not on filtration rate
n
TOC, BDOC,
Anthracite+ aldehydes, AOC- Phospho- GAC contained 3-8 times
sand, GAC+ NOX, THM and
lipid
more biomass than
sand, sand TOX formation analysis
anthracite or sand
potential

AOC=Assimilable organic carbon, BOD5=Biochemical oxygen demand, SS=suspended


solid, DBP=Disinfection by-product, DOC=Dissolved organic carbon, DO=Dissolved
oxygen, BDOC=Biodegradable dissolved organic carbon, NBDOC=Non-biodegradable
dissolved organic carbon, THMFP=Trihalomethane formation potential, TOXFP=Total
organic halide formation potential, HPC=Heterotrophic plate count, NPOC=Nonpurgeable organic carbon, HLR=hydraulic loading rate, NOX=Nitrogen oxides.
Table 3 Summary of the past studies on biofiltration system with water and wastewater

2.1 Biological Attachment Processes

The attachment of microorganisms onto the surface of filter media to form a biofilm is a
complex process. It has been studied by many methods such as scanning confocal laser
microscopy, microbalance applications, microelectrode analysis, high resolution video
microscopy, atomic force microscopy and scanning electron microscopy (Percival et al.,
2000).
There are several elements that take part in microbial attachment to a surface in which
the strength of the attachment relies on environmental conditions, type of micro
organisms, surface properties and fluid characteristics.
The attachment of microorganisms to the surface of the filter media can be divided into
five steps: development of a surface-conditioning film, transportation of cells to a
surface, adhesion, surface colonization and detachment (Percival et al., 2000).
Figure 1 describes the attachment of microorganisms to the surface of supported media.

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WATER AND WASTEWATER TREATMENT TECHNOLOGIES - Adsorption and Biological Filtration in Wastewater
Treatment - J. Kandasamy, S. Vigneswaran, T. T. L. Hoang, D.N.S Chaudhary

Figure 1 Schematic of biofilm formation.

2.1.1 Surface-Conditioning Film

When a clean surface is exposed to a bathing fluid in the first few minutes, it becomes
conditioned with nutrients by the transport of organics and some microbial cells. The
details of this process is still unclear but in general, the development of the conditioning
film is acknowledged as chaotic and dynamic. The surface-conditioning film contains
glycoproteins, proteins and humic substances with the thickness ranging from 30-80
nm. These components can react with surface appendages of some bacterial species in
latter stages. It is presumed that the conditioning film acts as a controlling factor that
adjusts the amount of bacterial attachment to surfaces.
In the biological adsorption process, the roles of surface-conditioning film include:
modifying physico-chemical properties of the substratum; acting as concentrated
nutrient source; suppressing the release of toxic metal ions; adsorption and
detoxification of dissolved inhibitory substances and supply of required metal trace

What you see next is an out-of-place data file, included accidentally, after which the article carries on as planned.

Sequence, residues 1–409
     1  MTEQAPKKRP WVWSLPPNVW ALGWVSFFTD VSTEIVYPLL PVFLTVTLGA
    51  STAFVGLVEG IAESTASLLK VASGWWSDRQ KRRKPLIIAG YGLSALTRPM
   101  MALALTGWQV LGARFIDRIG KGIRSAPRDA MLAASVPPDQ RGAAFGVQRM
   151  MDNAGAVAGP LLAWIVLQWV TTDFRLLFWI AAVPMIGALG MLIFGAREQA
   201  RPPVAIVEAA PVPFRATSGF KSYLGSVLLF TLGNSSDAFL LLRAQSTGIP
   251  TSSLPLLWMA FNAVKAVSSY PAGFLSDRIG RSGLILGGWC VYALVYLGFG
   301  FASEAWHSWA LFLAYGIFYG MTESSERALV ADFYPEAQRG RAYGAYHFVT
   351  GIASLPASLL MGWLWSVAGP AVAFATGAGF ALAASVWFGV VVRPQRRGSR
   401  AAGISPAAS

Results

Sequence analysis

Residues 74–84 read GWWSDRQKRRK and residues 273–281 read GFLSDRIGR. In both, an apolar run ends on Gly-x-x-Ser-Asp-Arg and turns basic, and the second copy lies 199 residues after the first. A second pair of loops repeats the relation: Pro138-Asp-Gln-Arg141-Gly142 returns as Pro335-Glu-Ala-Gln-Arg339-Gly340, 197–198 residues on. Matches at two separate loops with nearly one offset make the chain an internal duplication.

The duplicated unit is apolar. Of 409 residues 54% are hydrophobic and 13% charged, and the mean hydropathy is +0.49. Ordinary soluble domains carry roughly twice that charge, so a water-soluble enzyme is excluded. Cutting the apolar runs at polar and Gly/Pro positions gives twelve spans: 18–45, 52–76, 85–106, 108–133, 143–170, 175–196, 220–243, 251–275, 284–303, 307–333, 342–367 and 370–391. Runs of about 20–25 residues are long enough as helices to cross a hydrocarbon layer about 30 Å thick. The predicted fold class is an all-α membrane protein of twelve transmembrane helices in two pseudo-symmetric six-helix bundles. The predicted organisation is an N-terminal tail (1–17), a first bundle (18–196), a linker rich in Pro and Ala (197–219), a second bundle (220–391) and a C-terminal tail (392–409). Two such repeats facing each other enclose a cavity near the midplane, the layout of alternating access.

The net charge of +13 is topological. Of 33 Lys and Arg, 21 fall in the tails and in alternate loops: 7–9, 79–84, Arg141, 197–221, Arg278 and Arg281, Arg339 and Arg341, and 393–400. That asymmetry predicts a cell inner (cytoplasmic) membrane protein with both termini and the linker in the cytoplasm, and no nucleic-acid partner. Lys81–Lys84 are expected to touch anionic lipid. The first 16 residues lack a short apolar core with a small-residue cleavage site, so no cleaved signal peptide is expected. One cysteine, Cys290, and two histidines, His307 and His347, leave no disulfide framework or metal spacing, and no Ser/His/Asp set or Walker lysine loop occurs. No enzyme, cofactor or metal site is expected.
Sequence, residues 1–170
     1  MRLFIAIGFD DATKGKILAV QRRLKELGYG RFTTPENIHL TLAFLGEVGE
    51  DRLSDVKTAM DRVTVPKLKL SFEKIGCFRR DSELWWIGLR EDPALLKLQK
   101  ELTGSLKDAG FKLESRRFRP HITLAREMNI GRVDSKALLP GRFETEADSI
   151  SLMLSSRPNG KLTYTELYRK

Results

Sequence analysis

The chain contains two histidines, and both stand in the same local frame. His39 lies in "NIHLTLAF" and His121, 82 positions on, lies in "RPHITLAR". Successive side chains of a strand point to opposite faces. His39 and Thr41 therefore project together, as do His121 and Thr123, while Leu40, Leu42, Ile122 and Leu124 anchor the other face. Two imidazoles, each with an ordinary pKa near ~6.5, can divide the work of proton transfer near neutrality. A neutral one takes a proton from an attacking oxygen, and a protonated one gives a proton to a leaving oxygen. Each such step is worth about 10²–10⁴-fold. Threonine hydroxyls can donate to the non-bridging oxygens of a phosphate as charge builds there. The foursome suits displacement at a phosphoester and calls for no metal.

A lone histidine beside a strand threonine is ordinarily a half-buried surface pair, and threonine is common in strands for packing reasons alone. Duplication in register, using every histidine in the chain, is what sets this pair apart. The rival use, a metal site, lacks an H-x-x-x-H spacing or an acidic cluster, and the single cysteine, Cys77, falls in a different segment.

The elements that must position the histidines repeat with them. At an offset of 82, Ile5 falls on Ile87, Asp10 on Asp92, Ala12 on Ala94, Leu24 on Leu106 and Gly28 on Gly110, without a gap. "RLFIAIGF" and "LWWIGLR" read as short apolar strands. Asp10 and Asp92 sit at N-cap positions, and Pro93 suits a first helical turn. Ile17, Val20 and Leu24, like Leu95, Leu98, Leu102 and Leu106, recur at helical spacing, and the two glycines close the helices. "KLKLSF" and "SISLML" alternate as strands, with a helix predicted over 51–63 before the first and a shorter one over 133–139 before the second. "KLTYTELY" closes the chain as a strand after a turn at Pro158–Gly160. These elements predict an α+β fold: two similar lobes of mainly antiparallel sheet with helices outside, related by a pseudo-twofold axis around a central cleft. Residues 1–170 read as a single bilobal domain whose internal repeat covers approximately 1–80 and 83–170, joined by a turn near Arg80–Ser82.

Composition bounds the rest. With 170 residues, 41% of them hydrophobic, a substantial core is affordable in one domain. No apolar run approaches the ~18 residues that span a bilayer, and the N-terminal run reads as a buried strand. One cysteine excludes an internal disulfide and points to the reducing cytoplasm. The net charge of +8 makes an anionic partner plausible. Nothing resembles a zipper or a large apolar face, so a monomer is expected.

elements (Percival et al., 2000).
2.1.2 Transport of Cells to the Surface
Microorganisms in liquid reach and attach to the surface of the media by mass transport,
thermal effects (Brown ion motion, molecular diffusion) and gravity effects (settling
and sedimentation). Diffusive transport is a slow process occurring randomly among
small bacteria and interfaces which can be observed under the microscope. Diffusive
transport is significant in stagnant states and influences the sedimentation of bacteria
due to gravity while a convective transport is dominant in flowing liquids. In the latter,
some mobile bacteria can reach a media surface by active movement, which can happen
by chance, or in response to any concentration gradient (Loosdrecht et al., 1990).

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WATER AND WASTEWATER TREATMENT TECHNOLOGIES - Adsorption and Biological Filtration in Wastewater
Treatment - J. Kandasamy, S. Vigneswaran, T. T. L. Hoang, D.N.S Chaudhary

Mass transport is strongly influenced by fluid mixing (laminar or turbulent flow) and
water flow rate (Percival et al., 2000). While laminar flow is slow and smooth with a
little mixing, turbulent movement is random and chaotic and can increase the adhesion
of microorganisms to the media surface, but the risk of detachment is also high when a
thick biofilm formed.
2.1.3 Adhesion

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When bacteria reach the surface of the media, initial adhesion will occurs by
physicochemical processes. Bacteria still exhibit Brownian motion in this stage but they
can be detached by shear or bacterial mobility. According to the DLVO (named after
Derjaguin, Landau, Verwey and Overbeek) theory, depending on the balance between
electrostatic double layer forces and Van der Waals at different ionic strengths, initial
adhesion can be reversible or irreversible (Loosdecht et al., 1990). Van der Waals
attraction also relates to the effective size of bacteria but does not include the space
occupied by appendages such as flagellum, pili, fimbriae and exopolysaccharides. These
appendages form bridges that increase the effective distance (Percival et al, 2000).
Electrostatic interactions with ionic and hydrogen bonding are not very strong
individually but can form a firm attachment when they occur in large amounts. These
bonds will be stronger if the surface of the medium is positively charged because most
microorganisms surfaces are negatively charged (Cohen, 2001).
Busscher and Weerkamp (1987) suggested a three-point hypothesis where the distance
between cells and surface can decide the kinds of interaction between them. Van der
Waals attraction exists at distances greater than 50nm and both Van der Waals and
electrostatic interaction occur within the distance of 10-20nm creating reversible and
irreversible adhesion. Van der Waals, electrostatic and specific interaction produce
irreversible binding and form exopolysaccharides.

Firm attachment happens after bacteria deposit on the media and strong bonds between
reactive groups on the surfaces of bacteria and media are formed. During this process,